VMworld this year is all about the changing of the guard at VMware — in more ways than one. This is a company in transition as its core server virtualization business continues to get commoditized. Here are 5 ways VMware showed itself to be a company in transition this week.
1: CEO swap-out
The thinking is that Maritz, a software guy, was long on vision and strategic smarts and, of course in taking on Microsoft, where he had worked for years. Gelsinger after years at Intel then at VMware parent company EMC is viewed as a hardware and an operations guy. A skeptic might say he’s there not to design the trains but make sure they run on time. And profitably.
2: Morphing into an open source citizen
VMware’s decision to pursue a Gold membership in the OpenStack Foundation, as first reported by GigaOM, could mean one of two things.
First, it could be just a way of extending Nicira’s current participation in the foundation where it furnished key parts of the networking piece of the stack. (VMware’s acquisition of Nicera is now complete.)Or second, it could signal a broader, more open-source friendly stance by VMware writ large. The company after all, is pushing Cloud Foundry as an open source platform as a service to run on any and all cloud infrastructure. (Conspiracy theorists posit a third option: That VMware still views OpenStack as a threat to its cloud aspirations and thus wants to keep an eye on it from the inside. Keep your enemies close, and all.)
But that seems pretty far fetched, even for paranoids like myself.
3: BYOD remains a big opportunity
A big part of Tuesday’s keynote was dedicated to VMware’s take on solving the bring your own device problem afflicting enterprises. This is an area where the company lags competitor Citrix. VMware demonstrated how IT can deliver device images managed via its Horizon Suite, which it says gives users one place to access their data, applications and desktops while providing IT a single console to manage all those access and security policies.
BYOD is a hot button issue since the steps many companies take — shutting off Siri on the iPhone or blocking Dropbox access — take away the very features that users want from their devices in the first place. That means they’ll probably just keep using personal devices for work but won’t tell anyone.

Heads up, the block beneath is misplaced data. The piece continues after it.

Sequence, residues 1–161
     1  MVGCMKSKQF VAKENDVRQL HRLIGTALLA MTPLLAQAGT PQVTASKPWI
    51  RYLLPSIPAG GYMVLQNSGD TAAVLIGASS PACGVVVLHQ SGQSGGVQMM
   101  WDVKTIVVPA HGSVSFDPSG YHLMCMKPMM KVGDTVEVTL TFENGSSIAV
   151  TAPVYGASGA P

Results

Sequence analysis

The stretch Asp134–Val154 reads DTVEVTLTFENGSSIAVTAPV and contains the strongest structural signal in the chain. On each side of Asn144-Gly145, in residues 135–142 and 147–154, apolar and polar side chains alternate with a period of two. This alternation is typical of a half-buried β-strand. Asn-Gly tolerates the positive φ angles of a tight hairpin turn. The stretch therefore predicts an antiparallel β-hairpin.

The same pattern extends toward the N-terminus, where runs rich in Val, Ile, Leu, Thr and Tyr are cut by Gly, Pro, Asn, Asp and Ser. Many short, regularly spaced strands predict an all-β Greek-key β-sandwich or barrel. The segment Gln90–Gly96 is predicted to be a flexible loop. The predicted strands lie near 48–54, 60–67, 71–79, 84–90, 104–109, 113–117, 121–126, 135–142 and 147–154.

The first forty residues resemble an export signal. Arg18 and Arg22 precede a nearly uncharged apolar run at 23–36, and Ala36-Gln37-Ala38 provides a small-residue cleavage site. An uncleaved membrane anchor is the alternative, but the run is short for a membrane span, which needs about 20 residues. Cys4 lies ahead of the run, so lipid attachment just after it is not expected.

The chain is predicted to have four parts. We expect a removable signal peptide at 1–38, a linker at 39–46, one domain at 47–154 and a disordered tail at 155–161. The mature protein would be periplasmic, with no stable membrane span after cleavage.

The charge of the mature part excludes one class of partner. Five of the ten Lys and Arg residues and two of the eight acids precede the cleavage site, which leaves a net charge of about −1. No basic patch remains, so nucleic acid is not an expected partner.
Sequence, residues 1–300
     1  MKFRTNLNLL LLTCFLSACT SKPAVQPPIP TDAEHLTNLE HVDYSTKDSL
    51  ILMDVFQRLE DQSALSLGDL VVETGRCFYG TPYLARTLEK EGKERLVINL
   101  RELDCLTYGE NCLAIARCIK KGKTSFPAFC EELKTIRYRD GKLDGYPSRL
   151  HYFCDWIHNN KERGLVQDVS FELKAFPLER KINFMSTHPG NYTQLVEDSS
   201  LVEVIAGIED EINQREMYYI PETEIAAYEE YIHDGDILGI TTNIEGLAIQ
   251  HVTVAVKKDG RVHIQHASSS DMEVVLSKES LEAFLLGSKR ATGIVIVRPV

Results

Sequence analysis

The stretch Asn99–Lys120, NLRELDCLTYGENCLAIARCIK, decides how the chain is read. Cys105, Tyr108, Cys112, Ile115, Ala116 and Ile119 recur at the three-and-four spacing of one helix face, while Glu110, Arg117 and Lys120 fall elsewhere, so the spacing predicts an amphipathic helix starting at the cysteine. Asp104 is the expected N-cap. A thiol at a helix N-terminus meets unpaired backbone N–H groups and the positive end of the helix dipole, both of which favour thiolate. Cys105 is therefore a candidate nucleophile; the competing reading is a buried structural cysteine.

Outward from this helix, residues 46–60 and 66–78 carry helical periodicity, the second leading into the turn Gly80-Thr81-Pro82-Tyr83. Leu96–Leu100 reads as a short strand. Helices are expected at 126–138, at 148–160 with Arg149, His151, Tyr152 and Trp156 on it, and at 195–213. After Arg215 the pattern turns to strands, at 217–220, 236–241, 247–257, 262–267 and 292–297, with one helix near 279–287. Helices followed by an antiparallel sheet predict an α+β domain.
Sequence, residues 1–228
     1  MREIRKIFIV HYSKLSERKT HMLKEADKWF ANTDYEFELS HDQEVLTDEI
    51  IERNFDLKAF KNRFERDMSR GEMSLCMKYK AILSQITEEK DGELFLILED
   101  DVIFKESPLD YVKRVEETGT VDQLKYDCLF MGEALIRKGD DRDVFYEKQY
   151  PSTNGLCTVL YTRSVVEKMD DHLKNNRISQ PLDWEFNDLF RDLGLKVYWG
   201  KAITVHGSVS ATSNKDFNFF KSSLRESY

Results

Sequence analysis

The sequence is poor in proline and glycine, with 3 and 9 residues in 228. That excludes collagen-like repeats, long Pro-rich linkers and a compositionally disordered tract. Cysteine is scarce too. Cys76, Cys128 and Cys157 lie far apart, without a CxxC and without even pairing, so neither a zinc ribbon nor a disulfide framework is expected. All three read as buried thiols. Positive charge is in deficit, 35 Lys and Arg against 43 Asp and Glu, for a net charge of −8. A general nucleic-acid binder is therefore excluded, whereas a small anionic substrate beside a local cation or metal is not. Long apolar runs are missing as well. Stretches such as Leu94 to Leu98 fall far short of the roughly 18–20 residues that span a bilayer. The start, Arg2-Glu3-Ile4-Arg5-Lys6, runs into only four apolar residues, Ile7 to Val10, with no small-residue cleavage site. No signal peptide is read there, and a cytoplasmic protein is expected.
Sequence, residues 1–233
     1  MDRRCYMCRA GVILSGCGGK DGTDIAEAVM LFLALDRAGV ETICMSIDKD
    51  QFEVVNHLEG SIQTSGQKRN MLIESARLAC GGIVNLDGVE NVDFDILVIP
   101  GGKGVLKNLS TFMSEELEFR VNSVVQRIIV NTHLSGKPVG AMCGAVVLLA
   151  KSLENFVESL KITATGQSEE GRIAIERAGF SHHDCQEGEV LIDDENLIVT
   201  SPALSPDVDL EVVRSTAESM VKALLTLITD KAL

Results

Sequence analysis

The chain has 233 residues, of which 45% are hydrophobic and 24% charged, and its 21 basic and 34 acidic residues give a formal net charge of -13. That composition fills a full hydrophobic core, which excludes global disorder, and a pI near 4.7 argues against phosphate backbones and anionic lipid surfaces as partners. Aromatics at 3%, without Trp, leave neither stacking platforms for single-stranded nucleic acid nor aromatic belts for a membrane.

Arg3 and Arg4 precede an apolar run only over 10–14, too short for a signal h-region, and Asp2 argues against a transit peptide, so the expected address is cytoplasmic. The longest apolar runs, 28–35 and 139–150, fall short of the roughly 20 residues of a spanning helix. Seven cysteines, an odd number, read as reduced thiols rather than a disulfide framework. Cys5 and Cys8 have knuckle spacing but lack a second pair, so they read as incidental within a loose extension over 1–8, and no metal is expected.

Vittorio Viarengo, VMware’s VP of marketing who blogged about his demo here, also coined what seemed to be a new phrase for BYOD — SYOM — spend your own money. He’s onto something there.
VMware also demonstrated out how Mirage working with VMware View can help ease the pain of Windows migrations — allowing them to happen without disturbing the user.
“That,” said analyst Dana Gardner, principal at Interarbor Solutions, “makes BYOD and the Microsoft Windows migration mess manageable.”
4: Memory tax repealed
VMware needs to be more sensitive — or at least less tone deaf — to customer and partner needs.
It’s no accident that, as one of his first official acts, Gelsinger nuked the hugely unpopular VRAM or “memory “tax” VMware imposed last year. That announcement got more applause than anything else. Under VRAM, VMware started charging for the use of vSphere on every socket of a physical server and another fee on the amount of virtual memory used by the hypervisor. It went over like a lead balloon.
Gelsinger acknowledged that VMware had “created a 4-letter dirty word in VRAM.” From now on, there will be “one easy [price] model, per CPU, per socket, all one model, easy to use,” he said.
The boneheaded move — essentially a price hike — reverberates to this day and gave vSphere customers reason to check out Microsoft Hyper-V, which is getting better by the week, Xen or KVM as alternatives. It’s true that base-level hypervisors and server virtualization is commoditized, but it’s still an important building block that can be parlayed into sales of higher-level and more profitable management tools.
5: Server virtualization biz continues to fade
It’s an old story but bears repeating: VMware retains huge market share in server virtualization but that market is saturated and commoditized. So it was natural that much VMworld discussion centered around network and storage virtualization. Toward that end, VMware announced availability of vCloud Suite 5.1 which it pitched as the foundation of a new generation of software-defined data centers.
VMware also talked up Nicira and its SDN expertise, but it’s still unclear if and how Nicira’s OpenFlow strategy and VMware’s own vXLAN SDN world view will fit together.
The company’s aggressive goal is to get enterprise data centers — which Gartner estimates are about 60 percent virtualized now — to the 90 percent mark. Servers are just the tip of the iceberg there. Networking gear — switches, routers — and storage all need to make that leap as well.